At this stage, we also extracted the document identifier and the document date. Other SGML-tagged fields were not used. The question number, document number, and sentence number provided the unique identifier when questions were answered to extract the appropriate sentence from the document.
For the TREC-8 QA run submitted to NIST, only the top 10 documents (as ranked by the search engine) were analyzed. Overall, this resulted in processing 1977 documents from which 63,118 sentences were identified and presented to the parser. Thus, we used an average of 31.9 sentences per document or 315.5 sentences in attempting to answer each question.
The parser used in TREC-8 (provided by Proximity Technology) is a prototype for a grammar checker. The parser uses a context-sensitive, augmented transition network grammar of 350 rules, each consisting of a start state, a condition to be satisfied (either a non-terminal or a lexical category), and an end state. Satisfying a condition may result in an annotation (such as number and case) being added to the growing parse tree. Nodes (and possibly further annotations, such as potential attachment points for prepositional phrases) are added to the parse tree when reaching some end states. The parser is accompanied by an extensible dictionary containing the parts of speech (and frequently other information) associated with each lexical entry. The dictionary information allows for the recognition of phrases (as single entities) and uses 36 different verb government patterns to create dynamic parsing goals and to recognize particles and idioms associated with the verbs (the context-sensitive portion of the parser).
The parser output consists of bracketed parse trees, with leaf nodes describing the part of speech and lexical entry for each sentence word. Annotations, such as number and tense information, may be included at any node. The parser does not always produce a correct parse, but is very robust since the parse tree is constructed bottom-up from the leaf nodes, making it possible to examine the local context of a word even when the parse is incorrect. In TREC-8, the parse output was unusable for only 526 of the 63,118 sentences (0.8 percent). Usable output was available despite the fact that there was at least one word unknown to the parsing dictionary in 5,027 sentences (8.0 percent).
3.3 Document and Question Database Development
The key step in the CL Research question-answering prototype was the analysis of the parse trees to extract semantic relation triples and populate the databases used to answer the question. A semantic relation triple consists of a discourse entity, a semantic relation which characterizes the entity's role in the sentence, and a governing word to which the entity stands in the semantic relation.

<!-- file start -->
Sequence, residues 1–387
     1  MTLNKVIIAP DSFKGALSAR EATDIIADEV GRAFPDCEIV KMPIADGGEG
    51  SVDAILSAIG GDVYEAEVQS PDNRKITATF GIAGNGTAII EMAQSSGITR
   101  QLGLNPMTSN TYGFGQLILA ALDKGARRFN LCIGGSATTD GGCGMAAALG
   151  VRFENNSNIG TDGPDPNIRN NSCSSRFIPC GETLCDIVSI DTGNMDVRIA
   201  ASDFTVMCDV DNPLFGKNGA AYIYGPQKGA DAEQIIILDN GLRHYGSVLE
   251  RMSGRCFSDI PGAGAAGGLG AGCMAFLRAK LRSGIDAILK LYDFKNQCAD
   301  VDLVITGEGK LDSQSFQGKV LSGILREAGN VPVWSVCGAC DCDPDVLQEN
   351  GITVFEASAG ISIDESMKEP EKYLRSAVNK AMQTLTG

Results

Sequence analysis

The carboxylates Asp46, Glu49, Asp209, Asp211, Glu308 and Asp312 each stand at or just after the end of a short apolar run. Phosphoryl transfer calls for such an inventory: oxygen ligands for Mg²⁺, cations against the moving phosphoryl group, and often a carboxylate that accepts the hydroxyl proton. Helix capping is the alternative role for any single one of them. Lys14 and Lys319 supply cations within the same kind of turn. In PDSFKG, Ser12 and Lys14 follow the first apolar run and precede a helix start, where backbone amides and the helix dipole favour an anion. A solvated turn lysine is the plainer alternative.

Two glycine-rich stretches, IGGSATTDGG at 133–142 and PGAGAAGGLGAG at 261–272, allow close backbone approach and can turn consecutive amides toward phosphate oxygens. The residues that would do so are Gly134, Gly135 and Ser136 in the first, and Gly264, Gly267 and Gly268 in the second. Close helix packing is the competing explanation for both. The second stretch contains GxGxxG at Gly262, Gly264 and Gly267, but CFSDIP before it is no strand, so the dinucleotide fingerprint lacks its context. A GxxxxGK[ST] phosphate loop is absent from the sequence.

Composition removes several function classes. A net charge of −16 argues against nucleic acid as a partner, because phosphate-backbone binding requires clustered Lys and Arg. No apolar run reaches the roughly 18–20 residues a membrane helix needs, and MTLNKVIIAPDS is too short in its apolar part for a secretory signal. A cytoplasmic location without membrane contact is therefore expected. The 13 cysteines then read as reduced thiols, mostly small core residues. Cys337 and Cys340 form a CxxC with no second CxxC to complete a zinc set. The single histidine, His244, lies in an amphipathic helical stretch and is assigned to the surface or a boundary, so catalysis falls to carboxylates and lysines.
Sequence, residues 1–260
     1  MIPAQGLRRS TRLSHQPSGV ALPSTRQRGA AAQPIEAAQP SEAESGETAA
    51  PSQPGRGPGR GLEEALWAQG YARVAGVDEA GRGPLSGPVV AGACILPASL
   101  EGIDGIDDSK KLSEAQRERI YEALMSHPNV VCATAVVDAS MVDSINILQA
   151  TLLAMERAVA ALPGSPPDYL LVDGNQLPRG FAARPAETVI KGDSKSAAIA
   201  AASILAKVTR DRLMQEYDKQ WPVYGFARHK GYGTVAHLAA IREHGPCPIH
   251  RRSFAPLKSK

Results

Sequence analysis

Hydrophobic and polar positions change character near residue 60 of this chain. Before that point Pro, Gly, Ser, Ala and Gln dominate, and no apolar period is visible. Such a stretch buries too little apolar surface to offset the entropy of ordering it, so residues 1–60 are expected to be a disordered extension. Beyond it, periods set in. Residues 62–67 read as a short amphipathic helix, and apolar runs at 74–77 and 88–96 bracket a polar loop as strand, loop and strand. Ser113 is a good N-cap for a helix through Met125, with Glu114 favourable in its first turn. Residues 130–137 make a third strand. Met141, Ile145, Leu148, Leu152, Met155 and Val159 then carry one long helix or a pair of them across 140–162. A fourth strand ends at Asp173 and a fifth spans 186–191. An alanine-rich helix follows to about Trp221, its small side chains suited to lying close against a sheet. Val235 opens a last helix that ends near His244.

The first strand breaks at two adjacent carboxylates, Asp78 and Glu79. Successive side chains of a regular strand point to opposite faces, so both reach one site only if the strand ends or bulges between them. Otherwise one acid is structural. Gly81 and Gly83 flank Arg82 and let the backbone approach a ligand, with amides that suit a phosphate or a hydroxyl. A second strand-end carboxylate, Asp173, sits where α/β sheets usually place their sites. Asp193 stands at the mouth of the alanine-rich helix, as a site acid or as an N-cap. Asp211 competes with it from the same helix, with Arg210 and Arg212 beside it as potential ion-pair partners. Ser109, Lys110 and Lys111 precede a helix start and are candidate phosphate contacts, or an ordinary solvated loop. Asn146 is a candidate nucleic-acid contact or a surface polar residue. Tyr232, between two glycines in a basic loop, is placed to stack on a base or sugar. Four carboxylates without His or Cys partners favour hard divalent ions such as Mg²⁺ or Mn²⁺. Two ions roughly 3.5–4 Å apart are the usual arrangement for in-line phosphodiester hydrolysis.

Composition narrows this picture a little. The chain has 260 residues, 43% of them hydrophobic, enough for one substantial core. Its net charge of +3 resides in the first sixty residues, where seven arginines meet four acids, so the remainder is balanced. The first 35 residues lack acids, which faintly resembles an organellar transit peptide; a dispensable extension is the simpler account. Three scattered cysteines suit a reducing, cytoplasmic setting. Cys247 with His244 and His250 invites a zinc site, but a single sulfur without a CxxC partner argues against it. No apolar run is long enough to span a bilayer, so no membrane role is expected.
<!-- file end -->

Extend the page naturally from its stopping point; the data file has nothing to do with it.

In general terms, the CL Research system is intended to be part of a larger discourse analysis processing system. The most significant part of this system is a lexical cohesion module intended to explore the observation that, even within short texts of 2 or 3 sentences, the words induce a reduced ontology (i.e., a circumscribed portion of a semantic network such as WordNet or MindNet). The objective is to tie together the elements of a discourse (in this case, a document) using lexical chains and coreference to create a hierarchical characterization of a document. The implementation in TREC-8 does not attain this objective, but does provide insights for further development of a lexical cohesion module.
The first step of this discourse processing is the identification of suitable discourse entities. For TREC-8, this involved analyzing the parse tree node to extract numbers, adjective sequences, possessives, leading noun sequences, ordinals, time phrases, predicative adjective phrases, conjuncts, and noun constituents as discourse entities . To a large extent, these entities include, as subsets, named entities and time expressions as single entities (although not specifically identified as such in the databases).
The semantic relations in which entities participate are intended to capture the semantic roles of the entities, as generally understood in linguistics. This includes such roles as agent, theme, location, manner, modifier, purpose, and time. For TREC-8, we did not fully characterize the entities in these terms, but generally used surrogate place holders. These included "SUBJ," "OBJ", "TIME," "NUM," "ADJMOD," and the prepositions heading prepositional phrases.
The governing word was generally the word in the sentence that the discourse entity stood in relation to. For "SUBJ," "OBJ," and "TIME," this was generally the main verb of the sentence. For prepositions, the governing work was generally the noun or verb that the prepositional phrase modified. (Because of the context-sensitive dynamic parsing goals that were added when a verb was recognized, it was possible to identify what was modified.) For the adjectives and numbers, the governing word was generally the noun that was modified.
The semantic relation and the governing word were not identified for all discourse entities, but a record for each entity was still added to the database for the sentence. Overall, 467,889 semantic relation triples were created in parsing the 63,118 sentences, an average of 7.4 triples per sentence.
The same functionality was used to create database records for the 200 questions. The same parse tree analysis was performed to create a set of records for each question. The only difference is that one semantic relation triple for the question contained an unbound variable as a discourse entity. The question database contained 891 triples (for 196 questions), an average of 4.5 triples per question.